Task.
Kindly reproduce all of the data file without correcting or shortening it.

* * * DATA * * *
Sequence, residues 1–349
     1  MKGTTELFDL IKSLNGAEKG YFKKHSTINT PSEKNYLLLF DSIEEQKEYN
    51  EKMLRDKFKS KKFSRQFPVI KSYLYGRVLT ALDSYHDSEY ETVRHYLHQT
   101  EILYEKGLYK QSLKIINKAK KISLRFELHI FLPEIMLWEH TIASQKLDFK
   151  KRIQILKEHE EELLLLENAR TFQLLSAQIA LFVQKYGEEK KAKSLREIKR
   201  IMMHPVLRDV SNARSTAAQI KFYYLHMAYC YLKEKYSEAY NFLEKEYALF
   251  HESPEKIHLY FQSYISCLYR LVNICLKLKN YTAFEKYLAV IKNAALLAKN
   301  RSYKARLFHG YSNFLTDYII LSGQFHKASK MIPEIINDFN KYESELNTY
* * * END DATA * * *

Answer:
Sequence, residues 1–349
     1  MKGTTELFDL IKSLNGAEKG YFKKHSTINT PSEKNYLLLF DSIEEQKEYN
    51  EKMLRDKFKS KKFSRQFPVI KSYLYGRVLT ALDSYHDSEY ETVRHYLHQT
   101  EILYEKGLYK QSLKIINKAK KISLRFELHI FLPEIMLWEH TIASQKLDFK
   151  KRIQILKEHE EELLLLENAR TFQLLSAQIA LFVQKYGEEK KAKSLREIKR
   201  IMMHPVLRDV SNARSTAAQI KFYYLHMAYC YLKEKYSEAY NFLEKEYALF
   251  HESPEKIHLY FQSYISCLYR LVNICLKLKN YTAFEKYLAV IKNAALLAKN
   301  RSYKARLFHG YSNFLTDYII LSGQFHKASK MIPEIINDFN KYESELNTY